14 14 Aftermath Conventional baggage system built at cost of $51m Airport opened two years late and $2 billion over budget Airport ridiculed for a variety of reasons, but baggage handling is the most memorable A few sites use this a successful case study?!

15 15 Two Phases of Design Architectural – Modular decomposition Detailed design – Each module is worked out in detail Weve already snuck in a bit of architectural design – Feel free to abandon or alter Code if you feel it will reduce risk

16 16 Action vs. Data vs. OO With classical design, you need to do two separate analyses – Action-oriented, based on interactions, data flow, etc. – Data-oriented, based on data structures OO Combines the two – Because objects do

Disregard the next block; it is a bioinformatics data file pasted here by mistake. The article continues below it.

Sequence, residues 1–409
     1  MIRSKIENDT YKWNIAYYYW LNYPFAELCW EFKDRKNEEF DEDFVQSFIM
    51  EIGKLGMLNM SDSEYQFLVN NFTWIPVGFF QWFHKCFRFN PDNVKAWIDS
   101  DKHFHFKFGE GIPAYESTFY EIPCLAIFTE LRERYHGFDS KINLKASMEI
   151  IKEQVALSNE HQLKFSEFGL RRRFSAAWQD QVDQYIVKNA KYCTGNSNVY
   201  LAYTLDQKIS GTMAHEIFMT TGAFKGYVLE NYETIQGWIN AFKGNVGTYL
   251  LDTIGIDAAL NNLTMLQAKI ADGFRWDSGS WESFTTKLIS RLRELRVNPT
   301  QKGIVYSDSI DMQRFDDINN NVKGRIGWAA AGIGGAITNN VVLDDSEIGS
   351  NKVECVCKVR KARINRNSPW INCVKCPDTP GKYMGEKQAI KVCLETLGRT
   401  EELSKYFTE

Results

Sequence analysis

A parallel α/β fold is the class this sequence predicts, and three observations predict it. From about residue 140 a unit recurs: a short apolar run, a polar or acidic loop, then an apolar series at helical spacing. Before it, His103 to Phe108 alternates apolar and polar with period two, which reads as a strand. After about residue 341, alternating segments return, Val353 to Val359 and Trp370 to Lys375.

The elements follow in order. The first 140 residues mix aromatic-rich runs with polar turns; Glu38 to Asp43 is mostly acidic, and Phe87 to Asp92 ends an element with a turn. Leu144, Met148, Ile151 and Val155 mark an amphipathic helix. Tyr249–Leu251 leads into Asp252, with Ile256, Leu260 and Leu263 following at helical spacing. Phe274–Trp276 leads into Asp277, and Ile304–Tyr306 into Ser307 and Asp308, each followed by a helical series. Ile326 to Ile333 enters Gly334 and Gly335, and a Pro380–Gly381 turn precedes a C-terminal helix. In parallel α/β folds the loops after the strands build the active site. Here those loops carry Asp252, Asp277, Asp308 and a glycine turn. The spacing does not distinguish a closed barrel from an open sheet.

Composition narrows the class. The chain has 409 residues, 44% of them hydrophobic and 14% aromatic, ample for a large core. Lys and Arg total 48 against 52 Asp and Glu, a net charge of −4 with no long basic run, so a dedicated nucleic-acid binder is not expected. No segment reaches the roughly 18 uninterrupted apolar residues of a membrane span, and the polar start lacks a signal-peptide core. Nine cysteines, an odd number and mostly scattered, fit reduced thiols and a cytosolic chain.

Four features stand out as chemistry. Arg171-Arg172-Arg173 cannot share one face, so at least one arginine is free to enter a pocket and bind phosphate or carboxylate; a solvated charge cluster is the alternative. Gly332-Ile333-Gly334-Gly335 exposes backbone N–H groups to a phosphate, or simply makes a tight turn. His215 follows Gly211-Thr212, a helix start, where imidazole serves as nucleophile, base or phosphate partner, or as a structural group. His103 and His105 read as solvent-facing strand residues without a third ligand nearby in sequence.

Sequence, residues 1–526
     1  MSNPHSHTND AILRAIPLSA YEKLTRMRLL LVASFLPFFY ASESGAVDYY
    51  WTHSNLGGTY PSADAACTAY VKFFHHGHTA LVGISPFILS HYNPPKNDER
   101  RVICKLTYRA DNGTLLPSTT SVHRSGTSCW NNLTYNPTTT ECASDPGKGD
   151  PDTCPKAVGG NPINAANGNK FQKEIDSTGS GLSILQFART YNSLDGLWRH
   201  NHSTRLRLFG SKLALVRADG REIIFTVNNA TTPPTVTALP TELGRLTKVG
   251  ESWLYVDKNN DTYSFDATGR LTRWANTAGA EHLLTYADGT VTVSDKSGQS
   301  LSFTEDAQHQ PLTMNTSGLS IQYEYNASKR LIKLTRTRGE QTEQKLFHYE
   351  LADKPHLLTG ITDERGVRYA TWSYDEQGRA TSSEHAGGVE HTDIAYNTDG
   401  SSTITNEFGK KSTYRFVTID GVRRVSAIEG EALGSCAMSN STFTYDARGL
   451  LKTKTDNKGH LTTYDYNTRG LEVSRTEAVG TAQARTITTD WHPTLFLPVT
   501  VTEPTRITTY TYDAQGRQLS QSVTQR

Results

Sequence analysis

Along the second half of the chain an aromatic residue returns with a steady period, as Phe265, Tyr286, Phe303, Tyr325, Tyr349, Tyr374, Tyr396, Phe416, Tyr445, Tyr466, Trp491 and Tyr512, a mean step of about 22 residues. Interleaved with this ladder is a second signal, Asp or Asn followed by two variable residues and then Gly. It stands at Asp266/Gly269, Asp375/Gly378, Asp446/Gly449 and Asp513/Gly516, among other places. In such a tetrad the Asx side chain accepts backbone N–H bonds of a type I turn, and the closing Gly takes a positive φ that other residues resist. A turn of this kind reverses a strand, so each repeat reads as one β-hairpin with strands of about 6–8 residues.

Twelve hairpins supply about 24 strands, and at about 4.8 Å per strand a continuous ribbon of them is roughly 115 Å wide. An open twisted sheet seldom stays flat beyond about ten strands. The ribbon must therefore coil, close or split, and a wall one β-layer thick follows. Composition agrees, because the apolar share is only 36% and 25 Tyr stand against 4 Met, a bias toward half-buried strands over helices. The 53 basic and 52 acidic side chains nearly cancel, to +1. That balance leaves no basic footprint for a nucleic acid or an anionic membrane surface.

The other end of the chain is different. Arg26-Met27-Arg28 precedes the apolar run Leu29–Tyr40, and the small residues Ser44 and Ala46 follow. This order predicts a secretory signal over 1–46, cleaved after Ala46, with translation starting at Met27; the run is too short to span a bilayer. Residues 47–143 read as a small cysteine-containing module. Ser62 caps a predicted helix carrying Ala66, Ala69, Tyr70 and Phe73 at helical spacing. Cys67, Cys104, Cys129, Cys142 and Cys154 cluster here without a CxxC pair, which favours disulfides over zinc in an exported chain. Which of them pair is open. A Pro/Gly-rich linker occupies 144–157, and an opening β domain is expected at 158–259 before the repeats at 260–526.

17 17 Cohesion and Coupling Cohesion: degree of interaction within a module Coupling: degree of interaction between two models Think about Informational Cohesion – Items are in the same module because they act on the same data structure Broad Goal: High Cohesion, Low Coupling

18 18 Action: Highest Abstraction Start out with raw data Convert into high-level format for processing Convert back to some low-level format Good idea to modularize at the points of maximum abstraction – i.e. when input data has been converted into final form, and before data had been converted into output form – With modern languages, often the stream border

19 19 OOD Lots of books about this Schachs approach: 1. Construct interaction diagrams for each use case 2. Construct the detailed class diagram 3. Design in terms of clients of objects 4. Proceed to detailed design

20 20 Elevator Use Case

21 21 Elevator Seq

22 22 Collab.

23 23 Detail

24 24 Figure Out Clients Determine flow of messages to classes Determine which classes will have to be started by main Add new initialization hooks if necessary

25 25 Detailed Design Work out implementation of each method Easy, right?